Researchers from the Vertebrate Genomes Project have produced a chromosome-level, fully haplotype-resolved diploid genome assembly for the common marmoset (Callithrix jacchus), an important primate model for a broad range of biomedical research such as neuroscience, stem cell biology, and regenerative medicine.
The genome includes two sets of chromosomes, one inherited from the mother, the other from the father.
In traditional genome sequencing efforts including the human genome project, the sequencing only produced a mosaic reference genome mixing randomly with sequences from the maternal or paternal chromosomes.
University of Copenhagen researcher Guojie Zhang and colleagues used a new strategy to produce completed assemblies of the two sets of the marmoset genomes independently into chromosomal level.
“The two parental genomes in our cell are not completely identical but have different nucleotide compositions,” Dr. Zhang said.
“These differences can affect the function of genes and also our health. Some of these differences in men, for examples, the X chromosome from our mother and Y chromosome from our father have different structures and harbor genes with intensified sexual conflicts.”
The scientists sequenced a trio — the mother, father and a male offspring — of the common marmosets.
Taking advance of the long reads sequencing technology, they now can distinguish the two parental genomic sequences in the male offspring based on the genomic features from the mother and father.
“This allows us to detect large genomic variations between the parental genomes,” said Chentao Yang, a Ph.D. student at the University of Copenhagen.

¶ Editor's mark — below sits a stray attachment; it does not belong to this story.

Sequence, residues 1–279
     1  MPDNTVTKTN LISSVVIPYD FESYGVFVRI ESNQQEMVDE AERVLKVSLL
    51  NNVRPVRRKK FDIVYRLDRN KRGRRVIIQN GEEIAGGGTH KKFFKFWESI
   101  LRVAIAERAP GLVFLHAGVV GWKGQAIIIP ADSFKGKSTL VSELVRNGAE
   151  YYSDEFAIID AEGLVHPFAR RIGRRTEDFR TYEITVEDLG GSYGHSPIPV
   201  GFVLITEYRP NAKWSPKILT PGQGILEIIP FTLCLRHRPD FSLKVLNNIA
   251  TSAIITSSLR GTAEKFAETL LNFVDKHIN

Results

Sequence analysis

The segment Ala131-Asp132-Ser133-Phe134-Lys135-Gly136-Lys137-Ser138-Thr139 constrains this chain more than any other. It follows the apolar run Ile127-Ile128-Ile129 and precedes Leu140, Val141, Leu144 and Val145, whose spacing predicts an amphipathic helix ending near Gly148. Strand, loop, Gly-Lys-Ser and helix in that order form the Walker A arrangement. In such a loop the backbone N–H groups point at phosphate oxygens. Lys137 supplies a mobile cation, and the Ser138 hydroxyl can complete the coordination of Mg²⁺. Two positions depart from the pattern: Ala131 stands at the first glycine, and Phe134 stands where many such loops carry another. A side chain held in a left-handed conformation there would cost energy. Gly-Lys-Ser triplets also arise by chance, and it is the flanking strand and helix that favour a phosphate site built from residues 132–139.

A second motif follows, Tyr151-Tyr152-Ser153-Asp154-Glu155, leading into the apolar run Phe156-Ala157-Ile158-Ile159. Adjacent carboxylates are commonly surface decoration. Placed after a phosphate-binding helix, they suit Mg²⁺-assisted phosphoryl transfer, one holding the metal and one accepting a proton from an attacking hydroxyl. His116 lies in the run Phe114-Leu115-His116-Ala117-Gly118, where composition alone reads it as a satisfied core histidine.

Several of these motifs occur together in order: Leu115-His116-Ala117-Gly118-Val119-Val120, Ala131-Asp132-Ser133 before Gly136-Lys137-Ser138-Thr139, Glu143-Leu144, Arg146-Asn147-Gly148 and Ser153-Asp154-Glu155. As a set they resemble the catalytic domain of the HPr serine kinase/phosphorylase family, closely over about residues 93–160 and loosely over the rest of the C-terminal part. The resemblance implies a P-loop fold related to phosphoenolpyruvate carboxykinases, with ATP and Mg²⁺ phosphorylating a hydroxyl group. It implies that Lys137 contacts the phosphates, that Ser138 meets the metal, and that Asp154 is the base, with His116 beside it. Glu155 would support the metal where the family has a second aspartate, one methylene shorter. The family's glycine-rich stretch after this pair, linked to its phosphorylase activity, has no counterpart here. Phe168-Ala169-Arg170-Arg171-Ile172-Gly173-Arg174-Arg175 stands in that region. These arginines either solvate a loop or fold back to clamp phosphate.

“Surprisingly, we found the heterozygosity level in the diploid genome is 10 times higher than that can be revealed by previous method.”
The diploid assembly enabled the authors to discover a recent expansion of the sex differentiated region and unique evolutionary changes in the marmoset Y chromosome.
Additionally, they identified many genes with signatures of positive selection that might have contributed to the evolution of biological features in the common marmoset.
“We compared 2,533 genes related to brain development and neurodegenerative diseases, and found that the majority are highly conserved between marmoset and human in both sequence and copy numbers,” they explained.
“However, we detected 24 genes showing copy number variations and 8 genes under diversification selection between the two species. These may be associated with brain differences between human and marmoset.”
“Brain related genes were highly conserved between marmosets and humans, though several genes experienced lineage-specific copy number variations or diversifying selection, providing important implications for the application of marmosets as a model system.”
The findings are published in the journal Nature.
C. Yang et al. Evolutionary and biomedical insights from a marmoset diploid genome assembly. Nature, published online April 28, 2021; doi: 10.1038/s41586-021-03535-x
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